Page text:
From here it was a 30 minute drive to our campsite. Splash Farm sits up in one of the steep valleys, near the amazing warren of buildings that are Smedley’s wool mills. Although still in operation, they are well out of sight, and we heard no noise at all. The site is just 5 pitches, a Caravan club CL. Each pitch has water, a TV connection and a semi hardstanding. Fairly level pitches, screened with hedges. Lovely view and very peaceful, apart from birdsong. No toilets or showers, or wifi, and intermittent phone signal, so not for everyone, but we loved it!
It is possible to do some nice walks from the site.
Next day, we walked half a mile down to High Peak junction on the Cromford Canal, and walked the 2.5 miles to Matlock Bath.
The Cromford canal was a remarkable feat of engineering in the 1790’s. It cut through this hilly terrain, and remained level for over 12 miles, thus needing no locks. The embankment walls that held it up are still intact today. This was part of the Derwent Valley industrial heritage. Now so green, tranquil and full of nature, this valley was once full of industry, especially mills and mines! Barges were continually travelling along the canal loaded with coal, limestone, iron and cotton. Walking along the canal was lovely. Lots of birds, including this Little Grebe, with babies on her back.
Cromford was home to Richard Arkwright, whose family lived at Wittersley Castle. He built huge mills in the valley, and a village to house the workers, with a school, which you can explore. He is often mentioned in school history lessons for inventing first the Spinning Jenny, and then the Water frame spinner, which allowed more, and better quality threads, to be spun at the same time, which revolutionised the cotton industry. His huge mill complex, Masson mill, is still here, but it’s future is currently uncertain.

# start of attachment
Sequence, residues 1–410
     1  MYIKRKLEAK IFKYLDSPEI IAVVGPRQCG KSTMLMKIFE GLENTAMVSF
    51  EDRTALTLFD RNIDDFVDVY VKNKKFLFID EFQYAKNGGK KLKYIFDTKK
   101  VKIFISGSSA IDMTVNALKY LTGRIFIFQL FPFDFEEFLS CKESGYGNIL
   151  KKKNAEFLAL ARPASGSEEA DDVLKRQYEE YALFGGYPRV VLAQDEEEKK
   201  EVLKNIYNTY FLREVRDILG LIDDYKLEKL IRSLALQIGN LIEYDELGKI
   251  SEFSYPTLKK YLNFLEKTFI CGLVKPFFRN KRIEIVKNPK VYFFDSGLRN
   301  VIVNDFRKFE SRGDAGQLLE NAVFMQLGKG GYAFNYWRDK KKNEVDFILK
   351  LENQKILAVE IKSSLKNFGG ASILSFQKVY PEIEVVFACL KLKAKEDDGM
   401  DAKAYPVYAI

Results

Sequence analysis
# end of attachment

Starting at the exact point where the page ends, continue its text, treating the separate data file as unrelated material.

We walked into Matlock Bath, with houses creeping up the valley sides, and many splendid Victorian villas and hotels. This was a Spa town, with healing thermal waters, but it sat side by side with the local industry! The old Pavilion and Dance Hall are being restored, but the building also houses the excellent Peak District Lead Mining museum, which had lots of interesting information for adults, and interactive activities for children. It is a real repository of machinery and information about the local mining industry, and geology and minerals as well.
This Derbyshire oak stone was fascinating. Very rare, it polishes up like marble. For just a £3 extra we added a visit to Temple lead mine to our ticket, which the guide, Chris, really brought to life for us.
From Matlock Bath you can take a cable car to the heights of Abraham, and the activity park up there, but at £20 pp we decided it wasn’t for us. Matlock Bath is a nice town, with tea rooms and river gardens, which are illuminated at Christmas, and a very large number of fish and chip shops! Apparently 1 per 100 residents! Why? Well apparently, it was built as a spa town, but wanted to attract Victorian holiday makers, so modelled itself on seaside towns! After a stroll, but no fish and chips, we caught the local bus to Ambergate, 7 miles back down the valley, where we rejoined the Cromford Canal and had a lovely 4 mile walk back to High Peak Junction, with a tunnel to walk through and an aqueduct to cross!
Lots of birds and this incredible, huge Dragonfly, a broad bodied chaser. It was huge and the markings are incredible!
Near the end of our walk we passed the Leawood Pumphouse whose steam engine pumped water from the river Derwent to the canal from 1849. It is still in full working order, and does monthly ‘Steam Up’ demonstrations.
There would be lots more to do in this area, but we were only on a fleeting visit! We didn't even get to Bakewell to sample the tarts!